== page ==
# Thread: Geometric Progressions

1. ## Geometric Progressions

Hi all.

I'm trying to prove that

( 1 + x + x^2 + x^3 + ... + x^2k) ( 1 - x + x^2 - x^3 + ... + x^2k)

= 1 + x^2 + x^4 + ... + x^4k, where k is a positive integer and x is not equal to -1, 1.

This question was posted in the section on Geometric Progressions.

I don't know how to begin with this... is x^2k the last term? What does it mean, is it a power of 2?? For example x raised to some power of 2??

Do I use the summation formula S_n = a ( 1 - r^n) / (1 -r)??

Help will be appreciated.

Thanks.

2. Originally Posted by pollardrho06
Hi all.

I'm trying to prove that

( 1 + x + x^2 + x^3 + ... + x^2k) ( 1 - x + x^2 - x^3 + ... + x^2k)

= 1 + x^2 + x^4 + ... + x^4k, where k is a positive integer and x is not equal to -1, 1.

This question was posted in the section on Geometric Progressions.

I don't know how to begin with this... is x^2k the last term? What does it mean, is it a power of 2?? For example x raised to some power of 2??

Do I use the summation formula S_n = a ( 1 - r^n) / (1 -r)??

Help will be appreciated.

Thanks.
Yes, use the summation formula...you are summing n=2k+1 terms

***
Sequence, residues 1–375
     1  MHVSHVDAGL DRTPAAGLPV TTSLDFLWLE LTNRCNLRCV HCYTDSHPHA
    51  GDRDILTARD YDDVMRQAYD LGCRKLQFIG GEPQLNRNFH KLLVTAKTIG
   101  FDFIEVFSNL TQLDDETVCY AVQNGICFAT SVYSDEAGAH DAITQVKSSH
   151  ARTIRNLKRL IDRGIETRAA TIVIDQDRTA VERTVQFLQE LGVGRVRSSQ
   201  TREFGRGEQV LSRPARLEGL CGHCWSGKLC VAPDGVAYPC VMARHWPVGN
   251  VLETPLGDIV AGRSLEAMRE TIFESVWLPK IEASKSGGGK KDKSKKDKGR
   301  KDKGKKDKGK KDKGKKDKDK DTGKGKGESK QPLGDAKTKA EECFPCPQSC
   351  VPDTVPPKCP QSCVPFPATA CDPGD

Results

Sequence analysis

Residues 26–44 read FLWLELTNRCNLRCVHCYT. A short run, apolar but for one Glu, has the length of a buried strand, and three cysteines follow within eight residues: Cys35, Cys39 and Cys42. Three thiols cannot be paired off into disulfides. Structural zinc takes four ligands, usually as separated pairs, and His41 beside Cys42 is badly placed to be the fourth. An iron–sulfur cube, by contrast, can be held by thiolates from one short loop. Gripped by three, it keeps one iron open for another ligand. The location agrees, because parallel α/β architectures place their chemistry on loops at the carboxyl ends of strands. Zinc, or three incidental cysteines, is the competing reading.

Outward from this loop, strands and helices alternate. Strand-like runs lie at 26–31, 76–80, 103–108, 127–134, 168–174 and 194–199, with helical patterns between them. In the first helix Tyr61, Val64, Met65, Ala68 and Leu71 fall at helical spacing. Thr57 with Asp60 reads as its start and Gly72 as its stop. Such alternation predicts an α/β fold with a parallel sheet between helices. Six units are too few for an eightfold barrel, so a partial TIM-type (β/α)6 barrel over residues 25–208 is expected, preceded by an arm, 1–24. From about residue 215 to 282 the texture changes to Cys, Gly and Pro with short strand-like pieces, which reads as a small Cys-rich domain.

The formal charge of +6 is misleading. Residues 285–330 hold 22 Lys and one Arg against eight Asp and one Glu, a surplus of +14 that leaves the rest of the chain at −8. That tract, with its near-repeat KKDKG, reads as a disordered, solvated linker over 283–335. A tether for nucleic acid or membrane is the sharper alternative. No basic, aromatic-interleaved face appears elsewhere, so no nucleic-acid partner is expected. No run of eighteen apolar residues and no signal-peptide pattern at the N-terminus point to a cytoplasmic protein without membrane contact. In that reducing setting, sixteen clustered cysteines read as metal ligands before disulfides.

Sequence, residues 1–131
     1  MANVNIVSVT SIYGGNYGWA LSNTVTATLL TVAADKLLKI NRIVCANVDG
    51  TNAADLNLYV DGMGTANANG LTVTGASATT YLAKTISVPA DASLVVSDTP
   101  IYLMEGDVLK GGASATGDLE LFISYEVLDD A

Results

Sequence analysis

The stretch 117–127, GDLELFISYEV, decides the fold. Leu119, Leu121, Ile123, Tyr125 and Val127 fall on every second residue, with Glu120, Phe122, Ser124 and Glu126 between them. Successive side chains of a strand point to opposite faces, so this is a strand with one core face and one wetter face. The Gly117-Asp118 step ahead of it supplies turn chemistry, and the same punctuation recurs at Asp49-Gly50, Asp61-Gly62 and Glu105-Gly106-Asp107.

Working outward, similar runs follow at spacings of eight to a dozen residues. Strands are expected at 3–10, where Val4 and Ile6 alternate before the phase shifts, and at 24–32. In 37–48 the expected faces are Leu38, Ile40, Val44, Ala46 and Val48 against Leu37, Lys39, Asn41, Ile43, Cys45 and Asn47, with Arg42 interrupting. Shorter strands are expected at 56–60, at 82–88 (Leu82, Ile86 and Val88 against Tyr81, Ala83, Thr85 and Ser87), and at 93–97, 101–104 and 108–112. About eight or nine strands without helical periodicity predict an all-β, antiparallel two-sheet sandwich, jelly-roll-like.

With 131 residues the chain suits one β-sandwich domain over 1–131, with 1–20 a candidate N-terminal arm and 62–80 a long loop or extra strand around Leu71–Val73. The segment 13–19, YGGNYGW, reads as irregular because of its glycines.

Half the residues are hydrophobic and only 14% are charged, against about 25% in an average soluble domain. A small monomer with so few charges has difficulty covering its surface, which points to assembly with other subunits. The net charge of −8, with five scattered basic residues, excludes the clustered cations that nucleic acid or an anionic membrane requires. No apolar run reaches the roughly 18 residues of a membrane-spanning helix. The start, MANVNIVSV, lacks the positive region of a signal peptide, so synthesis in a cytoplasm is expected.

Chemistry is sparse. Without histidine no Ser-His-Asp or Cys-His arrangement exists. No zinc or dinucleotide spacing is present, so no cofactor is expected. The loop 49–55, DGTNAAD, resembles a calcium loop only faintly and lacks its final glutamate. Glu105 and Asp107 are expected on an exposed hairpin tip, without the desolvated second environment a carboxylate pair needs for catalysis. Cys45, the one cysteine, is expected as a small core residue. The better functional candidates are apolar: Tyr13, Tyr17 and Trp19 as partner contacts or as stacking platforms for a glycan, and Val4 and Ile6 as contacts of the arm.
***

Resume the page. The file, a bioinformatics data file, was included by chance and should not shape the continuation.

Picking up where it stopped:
$\displaystyle 1+x+x^2+.....x^{2k}$

the nth term is $\displaystyle ar^{n-1}\ \Rightarrow\ for\ x^{2k}\ \Rightarrow\ n=2k+1$

$\displaystyle a=1,\ r=x$

$\displaystyle S_n=\frac{1-x^{2k+1}}{1-x}$

$\displaystyle 1-x+x^2-x^3+...+x^{2k}$

$\displaystyle r=-x$

$\displaystyle S_n=\frac{1-(-x)^{2k+1}}{1-(-x)}$

2k+1 is odd as 2k is even, hence

$\displaystyle (-x)^{2k+1}=-\left(x^{2k+1}\right)$

$\displaystyle S_n=\frac{1+x^{2k+1}}{1+x}$

The product of these sums is

$\displaystyle \left(\frac{1-x^{2k+1}}{1-x}\right) \frac{1+x^{2k+1}}{1+x}=\frac{1-x^{4k+2}}{1-x^2}$

$\displaystyle 1+x^2+x^4+....+x^{4k}=1+(x)^2+\left(x^2\right)^2+. ...+\left(x^{2k}\right)^2$

$\displaystyle S_n=\frac{1-\left(x^2\right)^{2k+1}}{1-x^2}=\frac{1-x^{4k+2}}{1-x^2}$

3. Originally Posted by Archie Meade
Yes, use the summation formula...you are summing n=2k+1 terms

$\displaystyle 1+x+x^2+.....x^{2k}$

the nth term is $\displaystyle ar^{n-1}\ \Rightarrow\ for\ x^{2k}\ \Rightarrow\ n=2k+1$

$\displaystyle a=1,\ r=x$

$\displaystyle S_n=\frac{1-x^{2k+1}}{1-x}$

$\displaystyle 1-x+x^2-x^3+...+x^{2k}$

$\displaystyle r=-x$

$\displaystyle S_n=\frac{1-(-x)^{2k+1}}{1-(-x)}$

2k+1 is odd as 2k is even, hence

$\displaystyle (-x)^{2k+1}=-\left(x^{2k+1}\right)$

$\displaystyle S_n=\frac{1+x^{2k+1}}{1+x}$

The product of these sums is

$\displaystyle \left(\frac{1-x^{2k+1}}{1-x}\right) \frac{1+x^{2k+1}}{1+x}=\frac{1-x^{4k+2}}{1-x^2}$

$\displaystyle 1+x^2+x^4+....+x^{4k}=1+(x)^2+\left(x^2\right)^2+. ...+\left(x^{2k}\right)^2$

$\displaystyle S_n=\frac{1-\left(x^2\right)^{2k+1}}{1-x^2}=\frac{1-x^{4k+2}}{1-x^2}$
Gr8, thanks!!